Apex owners frustrated with clear cuts

Jeff Brown says he is at a bit of a loss as to what to do about clear cutting around Apex Mountain Resort and the residential area.

Jeff Brown says he is at a bit of a loss as to what to do about clear cutting around Apex Mountain Resort and the residential area.

Brown, chair of the Apex Property Owners Association Forestry Committee, said there has already been 1,500 hectares of clear cut over the last decade, a number he expects to double in the next six years after looking at Weyerhaeuser Canada’s plans for the areas.

Brown said it has been a frustrating process, trying to convince forestry companies to adopt harvesting practices that are more compatible with a recreation area.

“The industry has basically said that clear cutting is the only option they will consider, and they have been doing a lot of it,” said Brown. “They are  going to take the current acreage of clear cut and then double it in seven years.”

That is going to be the subject of a public information forum at the Apex Mountain day lodge on Feb. 28 at 4 p.m.

The key issue is the location of upcoming harvesting, which Brown said falls into the Apex Intensive recreation area, as defined on the Okanagan Shuswap land resource management plan, especially affecting the Nickel Plate Nordic Centre, which has grown in popularity as a cross-country skiing and snowshoeing destination.

“In the last five years, we have seen snowshoeing just explode as a sport. Everyday there are people up there snowshoeing and the weekends the parking lots are packed full,” said Brown, who explained there are specific cuts being planned in the core of the cross-country area.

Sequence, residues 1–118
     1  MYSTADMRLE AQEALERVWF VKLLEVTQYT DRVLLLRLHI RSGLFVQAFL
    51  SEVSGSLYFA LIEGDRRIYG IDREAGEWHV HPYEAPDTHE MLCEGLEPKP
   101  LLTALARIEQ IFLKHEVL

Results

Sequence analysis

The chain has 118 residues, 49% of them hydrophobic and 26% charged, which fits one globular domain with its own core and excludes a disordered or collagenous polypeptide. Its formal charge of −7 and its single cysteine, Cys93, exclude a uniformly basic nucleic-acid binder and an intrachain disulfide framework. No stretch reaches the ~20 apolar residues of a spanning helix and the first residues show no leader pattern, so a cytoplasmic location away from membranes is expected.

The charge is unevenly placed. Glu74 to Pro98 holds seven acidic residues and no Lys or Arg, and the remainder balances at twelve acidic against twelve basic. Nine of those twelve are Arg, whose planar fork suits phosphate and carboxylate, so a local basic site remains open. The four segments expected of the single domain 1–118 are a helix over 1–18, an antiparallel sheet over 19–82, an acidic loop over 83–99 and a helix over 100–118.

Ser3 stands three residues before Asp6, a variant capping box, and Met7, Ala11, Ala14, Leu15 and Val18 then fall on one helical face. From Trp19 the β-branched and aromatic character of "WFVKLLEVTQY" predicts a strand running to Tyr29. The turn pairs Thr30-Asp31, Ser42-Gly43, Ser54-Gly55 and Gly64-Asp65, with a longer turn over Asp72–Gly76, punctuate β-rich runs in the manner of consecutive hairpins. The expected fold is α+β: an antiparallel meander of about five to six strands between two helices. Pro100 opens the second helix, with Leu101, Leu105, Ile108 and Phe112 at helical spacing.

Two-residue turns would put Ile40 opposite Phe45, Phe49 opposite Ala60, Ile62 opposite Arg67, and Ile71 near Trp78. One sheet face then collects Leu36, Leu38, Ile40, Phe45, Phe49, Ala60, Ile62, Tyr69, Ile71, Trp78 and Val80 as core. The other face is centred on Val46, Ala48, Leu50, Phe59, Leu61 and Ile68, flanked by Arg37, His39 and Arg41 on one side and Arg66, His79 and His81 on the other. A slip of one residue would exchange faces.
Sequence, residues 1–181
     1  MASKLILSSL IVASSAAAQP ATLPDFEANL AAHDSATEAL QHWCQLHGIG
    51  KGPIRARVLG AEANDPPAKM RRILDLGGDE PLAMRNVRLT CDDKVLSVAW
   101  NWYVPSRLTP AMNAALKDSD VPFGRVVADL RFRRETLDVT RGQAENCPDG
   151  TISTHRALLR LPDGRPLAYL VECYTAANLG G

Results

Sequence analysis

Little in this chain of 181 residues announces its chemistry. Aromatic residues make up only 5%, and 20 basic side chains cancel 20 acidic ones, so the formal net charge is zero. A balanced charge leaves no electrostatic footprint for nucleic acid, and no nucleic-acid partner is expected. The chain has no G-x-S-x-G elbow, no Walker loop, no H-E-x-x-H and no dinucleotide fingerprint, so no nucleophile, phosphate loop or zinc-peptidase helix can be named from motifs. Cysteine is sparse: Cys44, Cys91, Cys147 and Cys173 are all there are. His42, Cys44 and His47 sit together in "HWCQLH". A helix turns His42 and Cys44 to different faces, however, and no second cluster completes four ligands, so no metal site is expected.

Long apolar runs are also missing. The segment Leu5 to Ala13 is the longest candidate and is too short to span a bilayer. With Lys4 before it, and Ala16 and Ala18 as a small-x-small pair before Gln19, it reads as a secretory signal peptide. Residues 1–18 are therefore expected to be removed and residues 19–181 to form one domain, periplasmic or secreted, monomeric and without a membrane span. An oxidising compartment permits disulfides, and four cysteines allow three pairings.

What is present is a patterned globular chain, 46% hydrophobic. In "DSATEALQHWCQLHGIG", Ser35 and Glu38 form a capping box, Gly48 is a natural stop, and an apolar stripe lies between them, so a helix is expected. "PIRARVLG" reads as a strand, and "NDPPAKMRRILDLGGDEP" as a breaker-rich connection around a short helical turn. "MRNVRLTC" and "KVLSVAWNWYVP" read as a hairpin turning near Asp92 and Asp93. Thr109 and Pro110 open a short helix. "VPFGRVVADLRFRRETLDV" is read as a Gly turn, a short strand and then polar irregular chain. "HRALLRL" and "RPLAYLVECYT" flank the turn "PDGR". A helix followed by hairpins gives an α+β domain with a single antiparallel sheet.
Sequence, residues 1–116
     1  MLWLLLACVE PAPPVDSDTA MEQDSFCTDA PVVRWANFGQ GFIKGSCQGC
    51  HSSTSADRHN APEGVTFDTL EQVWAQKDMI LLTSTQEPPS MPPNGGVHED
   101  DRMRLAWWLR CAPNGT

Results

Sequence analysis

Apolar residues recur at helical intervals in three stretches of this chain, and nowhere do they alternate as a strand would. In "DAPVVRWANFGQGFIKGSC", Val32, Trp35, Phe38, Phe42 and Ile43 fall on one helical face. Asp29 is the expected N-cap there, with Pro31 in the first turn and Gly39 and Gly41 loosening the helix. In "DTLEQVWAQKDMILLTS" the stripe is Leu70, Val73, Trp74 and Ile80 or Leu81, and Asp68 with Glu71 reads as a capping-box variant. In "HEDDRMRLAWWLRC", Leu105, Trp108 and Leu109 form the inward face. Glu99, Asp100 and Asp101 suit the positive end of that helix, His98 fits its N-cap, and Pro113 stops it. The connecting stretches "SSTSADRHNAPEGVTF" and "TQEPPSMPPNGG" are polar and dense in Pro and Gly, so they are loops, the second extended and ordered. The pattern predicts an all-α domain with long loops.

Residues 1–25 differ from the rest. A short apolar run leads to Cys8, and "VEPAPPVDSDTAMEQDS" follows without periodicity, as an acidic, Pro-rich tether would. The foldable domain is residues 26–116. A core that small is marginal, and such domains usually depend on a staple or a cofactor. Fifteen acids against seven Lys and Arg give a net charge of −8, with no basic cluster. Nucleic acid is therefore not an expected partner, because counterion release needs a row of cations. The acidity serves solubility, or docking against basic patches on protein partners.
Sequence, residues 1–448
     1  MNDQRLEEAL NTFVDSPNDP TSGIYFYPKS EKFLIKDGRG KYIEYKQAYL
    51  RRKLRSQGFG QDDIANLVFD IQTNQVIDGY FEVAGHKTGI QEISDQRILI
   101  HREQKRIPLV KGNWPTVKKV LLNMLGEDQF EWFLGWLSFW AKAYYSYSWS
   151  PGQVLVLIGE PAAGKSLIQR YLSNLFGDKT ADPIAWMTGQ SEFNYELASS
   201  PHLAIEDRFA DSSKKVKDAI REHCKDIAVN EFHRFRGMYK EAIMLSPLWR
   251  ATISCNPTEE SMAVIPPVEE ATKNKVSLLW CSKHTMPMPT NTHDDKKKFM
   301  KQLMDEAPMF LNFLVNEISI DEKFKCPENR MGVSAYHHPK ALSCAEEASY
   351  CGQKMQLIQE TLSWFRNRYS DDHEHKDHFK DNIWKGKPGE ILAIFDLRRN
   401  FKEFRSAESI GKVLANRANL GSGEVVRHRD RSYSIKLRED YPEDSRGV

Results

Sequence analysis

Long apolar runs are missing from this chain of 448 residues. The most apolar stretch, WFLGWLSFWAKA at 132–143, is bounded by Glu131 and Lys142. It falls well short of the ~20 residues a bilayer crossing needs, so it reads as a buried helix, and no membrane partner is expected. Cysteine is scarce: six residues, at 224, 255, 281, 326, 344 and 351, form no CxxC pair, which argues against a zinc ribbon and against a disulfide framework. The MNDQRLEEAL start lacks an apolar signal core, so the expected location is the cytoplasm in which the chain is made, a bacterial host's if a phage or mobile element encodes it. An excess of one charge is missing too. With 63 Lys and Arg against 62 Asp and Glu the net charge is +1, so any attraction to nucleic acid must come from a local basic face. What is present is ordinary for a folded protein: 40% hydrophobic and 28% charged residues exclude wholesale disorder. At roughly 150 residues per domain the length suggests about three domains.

“If those three cuts go ahead, Nickel Plate will actually be 360 degrees surrounded by clear cuts. I can’t consider that accommodating the recreation in the area,” said Brown. “No cross-country skier would look at those cuts and say this is acceptable. It basically annihilates all the trails.”

Brown said the association would like to see harvesting volumes reduced to match the life cycle of the forest.

“With a hundred year growth cycle, having 40 per cent of the trees cut in 20-year period is not sustainable,” he said. “We are not on the coast, it is a very slow-growing forest up there.”

Brown said this is an industry desperate for trees, and one that does respond to public embarrassment.

“That’s plan one. The government has basically become hands-off on a major industry and we need to get that changed,” said Brown. “We need to start protecting what we have and we do that through public relations.”

Wayne Roznowsky, public affairs manager for Weyerhaeuser Canada, said they have no plans for logging in the area around the Nordic Centre.

“We do, however, have future harvest plans in the Winters Creek, Stray Horse Creek and Cahill Creek areas,” said Roznowsky, who noted the area is designated as a their operating area.

Roznowsky added, that if asked, Weyerhaeuser would be willing to participate in the Feb. 28 meeting.

 

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